From the beginning of our individual existence, we’ve been eating for two—ourselves and our microbiome. Our microbiome is made up of billions of bacteria, so we really were eating for billions. To feed these bacteria in our gut, we must have pre and probiotics in our diet. Prebiotics are specialized plant fibers that act as food for the good bacteria. This can be found in many fiber-rich foods such as fruits and vegetables. Probiotics are live bacteria found in certain foods or supplements. These add to the diversity in our microbiome and can often be found in fermented foods such as yogurt and kimchi. A meta-analysis of microbiome studies of obesity found a significant decrease in microbial diversity in obese individuals. The loss of diversity in the microbiome is linked to inflammation and metabolic dysfunction (Le Chatelier et al, 2013). Including probiotic and prebiotics in our meal plan will ensure a robust, diverse microbiome that will work with us to maintain a healthy weight and promote longevity.
They are not always an accurate measurement of positive progress. They do not take into account how food is prepared or metabolized in our bodies. It is more important to focus on the quality of our food choices. Eating whole food, rich in fiber and nutrients is what will help us reach our weight loss goals while also sending good information to our body to help regulate all the necessary processes of growth and development.
Written by Delaney Smith
PFC Nutrition Educator and Dietary Coordinator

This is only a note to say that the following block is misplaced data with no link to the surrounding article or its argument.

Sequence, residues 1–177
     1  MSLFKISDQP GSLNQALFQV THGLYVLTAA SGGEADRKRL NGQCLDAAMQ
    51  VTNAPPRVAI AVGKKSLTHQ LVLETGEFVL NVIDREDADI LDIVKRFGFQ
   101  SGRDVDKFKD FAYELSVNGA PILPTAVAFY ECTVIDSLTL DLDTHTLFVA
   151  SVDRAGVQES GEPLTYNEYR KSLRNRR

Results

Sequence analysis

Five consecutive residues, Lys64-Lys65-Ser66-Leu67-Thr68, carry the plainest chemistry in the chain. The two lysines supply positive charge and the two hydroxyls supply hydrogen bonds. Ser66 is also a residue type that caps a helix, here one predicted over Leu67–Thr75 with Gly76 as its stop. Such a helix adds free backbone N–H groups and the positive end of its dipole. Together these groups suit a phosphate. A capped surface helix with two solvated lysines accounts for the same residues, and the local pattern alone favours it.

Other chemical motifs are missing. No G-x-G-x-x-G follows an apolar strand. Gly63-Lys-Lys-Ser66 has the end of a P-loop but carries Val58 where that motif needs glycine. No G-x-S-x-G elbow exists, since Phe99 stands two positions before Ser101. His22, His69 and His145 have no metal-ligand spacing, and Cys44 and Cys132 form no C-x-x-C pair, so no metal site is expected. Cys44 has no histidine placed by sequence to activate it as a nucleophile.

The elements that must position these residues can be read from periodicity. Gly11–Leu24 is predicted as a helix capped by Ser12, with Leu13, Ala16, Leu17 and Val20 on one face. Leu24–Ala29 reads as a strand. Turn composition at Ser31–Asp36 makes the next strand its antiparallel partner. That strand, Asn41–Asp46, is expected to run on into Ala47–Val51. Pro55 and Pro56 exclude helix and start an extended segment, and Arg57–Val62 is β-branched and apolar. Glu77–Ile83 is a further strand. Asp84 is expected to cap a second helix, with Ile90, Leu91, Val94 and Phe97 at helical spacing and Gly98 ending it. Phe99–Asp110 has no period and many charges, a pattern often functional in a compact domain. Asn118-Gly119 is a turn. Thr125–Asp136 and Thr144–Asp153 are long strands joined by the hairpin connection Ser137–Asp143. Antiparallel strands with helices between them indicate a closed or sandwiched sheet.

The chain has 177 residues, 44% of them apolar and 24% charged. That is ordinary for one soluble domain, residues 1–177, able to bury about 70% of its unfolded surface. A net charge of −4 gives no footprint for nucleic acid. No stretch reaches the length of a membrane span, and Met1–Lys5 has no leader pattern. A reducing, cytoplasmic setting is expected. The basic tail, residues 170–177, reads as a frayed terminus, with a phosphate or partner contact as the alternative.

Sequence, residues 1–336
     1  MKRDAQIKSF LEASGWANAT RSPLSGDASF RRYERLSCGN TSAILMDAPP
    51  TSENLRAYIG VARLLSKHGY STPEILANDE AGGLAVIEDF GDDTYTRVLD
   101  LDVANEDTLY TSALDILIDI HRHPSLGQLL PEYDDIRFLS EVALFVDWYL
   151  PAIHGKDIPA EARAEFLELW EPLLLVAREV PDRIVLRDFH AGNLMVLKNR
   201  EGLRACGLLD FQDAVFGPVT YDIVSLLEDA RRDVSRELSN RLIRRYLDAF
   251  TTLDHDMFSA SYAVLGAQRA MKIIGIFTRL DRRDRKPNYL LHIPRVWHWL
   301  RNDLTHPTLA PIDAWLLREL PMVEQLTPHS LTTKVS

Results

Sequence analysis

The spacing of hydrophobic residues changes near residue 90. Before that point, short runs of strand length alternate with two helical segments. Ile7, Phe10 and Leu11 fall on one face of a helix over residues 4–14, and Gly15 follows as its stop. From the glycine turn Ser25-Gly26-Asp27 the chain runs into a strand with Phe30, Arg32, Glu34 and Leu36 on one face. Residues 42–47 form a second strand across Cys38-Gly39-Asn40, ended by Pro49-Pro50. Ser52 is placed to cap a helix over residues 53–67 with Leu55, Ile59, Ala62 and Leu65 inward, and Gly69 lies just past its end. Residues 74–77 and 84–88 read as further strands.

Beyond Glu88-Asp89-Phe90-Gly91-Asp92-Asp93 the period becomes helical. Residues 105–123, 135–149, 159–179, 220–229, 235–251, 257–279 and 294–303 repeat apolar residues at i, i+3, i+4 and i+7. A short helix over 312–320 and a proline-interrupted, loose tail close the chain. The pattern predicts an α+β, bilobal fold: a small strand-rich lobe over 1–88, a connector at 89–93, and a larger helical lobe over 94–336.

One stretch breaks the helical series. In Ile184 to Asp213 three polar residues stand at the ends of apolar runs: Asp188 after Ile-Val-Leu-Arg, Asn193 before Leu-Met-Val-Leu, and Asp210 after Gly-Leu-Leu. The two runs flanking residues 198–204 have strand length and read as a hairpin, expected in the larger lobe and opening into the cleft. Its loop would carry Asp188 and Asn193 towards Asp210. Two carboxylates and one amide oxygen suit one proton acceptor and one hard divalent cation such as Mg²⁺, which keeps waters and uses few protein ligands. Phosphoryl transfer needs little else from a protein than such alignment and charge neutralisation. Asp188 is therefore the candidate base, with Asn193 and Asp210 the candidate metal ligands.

Certified Nutrition Coach
Candidate for MA in Applied Nutrition and Dietetics
Barr, S. B., & Wright, J. C. (2010). Postprandial energy expenditure in whole-food and processed-food meals: implications for daily energy expenditure. Food & nutrition research, 54, 10.3402/fnr.v54i0.5144. https://doi.org/10.3402/fnr.v54i0.5144
Frame, L. A., Costa, E., & Jackson, S. A. (2020). Current explorations of nutrition and the gut microbiome: a comprehensive evaluation of the review literature. Nutrition reviews, 78(10), 798-812.
Le Chatelier, E.; Nielsen, T.; Qin, J.; Prifti, E.; Hildebrand, F.; Falony, G.; Almeida, M.; Arumugam, M.; Batto, J.M.; Kennedy, S.; et al. Richness of human gut microbiome correlates with metabolic markers. Nature 2013, 500, 541–546.
Mattes, R. D., Kris-Etherton. P. M., Foster, G. D. , Impact of Peanuts and Tree Nuts on Body Weight and Healthy Weight Loss in Adults, The Journal of Nutrition, Volume 138, Issue 9, September 2008, Pages 1741S–1745S, https://doi.org/10.1093/jn/138.9.1741S